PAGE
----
This paper proposes an approach to evaluating the ‘quality of compliance’ of ORM systems within, and between, firms and is based on the concept of ‘maturity models’.
By Patrick Mc Connell
In June 2004, the Basel Committee released the ‘Revised Framework for the International Convergence of Capital Measurement and Capital Standards’, which contained the definitive proposals on capital charges for operational risk under Basel II (Basel 2004). Under proposals for allowing “internationally active” banks to calculate regulatory capital using their own internal models – so called AMA (Advanced Measurement Approaches) - the Basel Committee backed away from dictating explicit methodologies for calculating operational risk capital charges towards a more qualitative approach to the management of operational risk.
In their final proposals, the Basel Committee stressed the importance of ‘qualitative standards’ for banks that wish to use an AMA for management of their operational risks. However, other than urge that an operational risk management (ORM) system must be “conceptually sound and implemented with integrity”, the Basel Committee gave few clues as to what such a ‘system’ might look like. Furthermore, Basel II states that any system developed and implemented by a bank must be “credible and appropriate”, “well reasoned”, “well documented” and “transparent and accessible”. Unfortunately, phrases such as ‘credible’, ‘well reasoned’, and ‘transparent’ are subjective and are open to interpretation by banks and their regulators.
The lack of clarity in the Basel II definitions of operational risk raises some very important practical questions for banks, in particular:
* What would a ‘conceptually sound’ operational risk management system look like?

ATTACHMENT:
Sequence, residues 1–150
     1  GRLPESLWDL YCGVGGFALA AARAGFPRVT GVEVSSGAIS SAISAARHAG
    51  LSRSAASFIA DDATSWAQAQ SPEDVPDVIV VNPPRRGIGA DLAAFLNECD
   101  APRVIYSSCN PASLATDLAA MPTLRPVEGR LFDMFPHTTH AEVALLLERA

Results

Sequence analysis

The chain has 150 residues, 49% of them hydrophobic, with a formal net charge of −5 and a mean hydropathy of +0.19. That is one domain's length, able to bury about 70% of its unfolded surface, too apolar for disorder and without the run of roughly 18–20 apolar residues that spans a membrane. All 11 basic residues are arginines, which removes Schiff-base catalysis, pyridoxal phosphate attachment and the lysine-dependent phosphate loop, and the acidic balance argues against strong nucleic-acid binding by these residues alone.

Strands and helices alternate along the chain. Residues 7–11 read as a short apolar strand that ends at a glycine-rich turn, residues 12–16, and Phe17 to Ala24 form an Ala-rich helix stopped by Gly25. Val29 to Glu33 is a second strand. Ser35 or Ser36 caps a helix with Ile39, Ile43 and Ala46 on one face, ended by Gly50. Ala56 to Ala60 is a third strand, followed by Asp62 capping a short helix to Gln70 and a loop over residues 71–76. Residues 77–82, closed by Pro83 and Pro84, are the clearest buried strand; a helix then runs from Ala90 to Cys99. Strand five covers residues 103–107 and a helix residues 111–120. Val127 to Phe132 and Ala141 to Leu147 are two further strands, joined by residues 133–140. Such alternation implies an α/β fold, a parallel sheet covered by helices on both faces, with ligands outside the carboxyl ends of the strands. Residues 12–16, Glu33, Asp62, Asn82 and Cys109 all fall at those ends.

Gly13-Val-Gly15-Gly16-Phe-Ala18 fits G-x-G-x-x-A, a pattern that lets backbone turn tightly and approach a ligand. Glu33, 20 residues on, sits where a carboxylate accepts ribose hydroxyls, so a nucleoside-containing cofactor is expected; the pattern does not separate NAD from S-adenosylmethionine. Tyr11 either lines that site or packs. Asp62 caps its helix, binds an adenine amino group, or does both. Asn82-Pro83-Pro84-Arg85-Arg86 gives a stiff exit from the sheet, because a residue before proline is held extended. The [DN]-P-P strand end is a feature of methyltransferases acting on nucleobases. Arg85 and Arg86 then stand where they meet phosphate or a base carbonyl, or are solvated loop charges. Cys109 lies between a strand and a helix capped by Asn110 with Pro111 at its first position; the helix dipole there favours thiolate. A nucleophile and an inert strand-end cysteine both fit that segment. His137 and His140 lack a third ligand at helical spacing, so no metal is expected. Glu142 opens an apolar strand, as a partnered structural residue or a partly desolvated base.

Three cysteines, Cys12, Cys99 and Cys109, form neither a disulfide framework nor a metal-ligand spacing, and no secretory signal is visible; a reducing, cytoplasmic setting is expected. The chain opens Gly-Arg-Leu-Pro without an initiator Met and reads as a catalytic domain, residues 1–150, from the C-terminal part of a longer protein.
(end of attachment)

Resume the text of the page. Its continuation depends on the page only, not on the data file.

* How can regulators compare one bank’s operational risk management system with another and, by implication, how can operational risk capital charges be compared – i.e. what constitutes a regulatory level playing field?
* Internally, what criteria can a bank use to allocate economic capital across its business units to satisfy the Basel qualitative standards for being “integrated into the day-to-day risk management processes of the bank”?
These questions are far from trivial. Banks are beginning to invest considerable sums of money and effort in developing the ORM systems necessary for Basel II, and they are doing so somewhat in the dark as to what will be acceptable. The Basel Committee can also change the ground rules and have reserved the right, prior to implementation, to “review evolving industry practices, … review accumulated data, and the level of capital requirements estimated by the AMA, and may refine its proposals if appropriate” (Basel 2004). This ambiguity creates a level of uncertainty (and operational risk) that the industry should address - sooner rather than later.
As part of the on-going research called for by Basel Committee, this paper considers the important questions raised by the ambiguity in the Basel II proposals and suggests mechanisms, proven in other industries, for evaluating ORM systems both within, and between, banks. After summarising the Basel II proposals on operational risk, the paper provides an overview of the COSO framework and its “Key Principles”. The paper then describes the concept of a ‘maturity models’ before proposing the concept of an ‘operational risk management maturity model’ (ORMMM).
Finally, the paper describes how such a model could be used to measure the quality of ORM compliance across the industry.
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•Date: 20th April 2005 •Region: UK/World •Type:
Article •Topic: Operational risk
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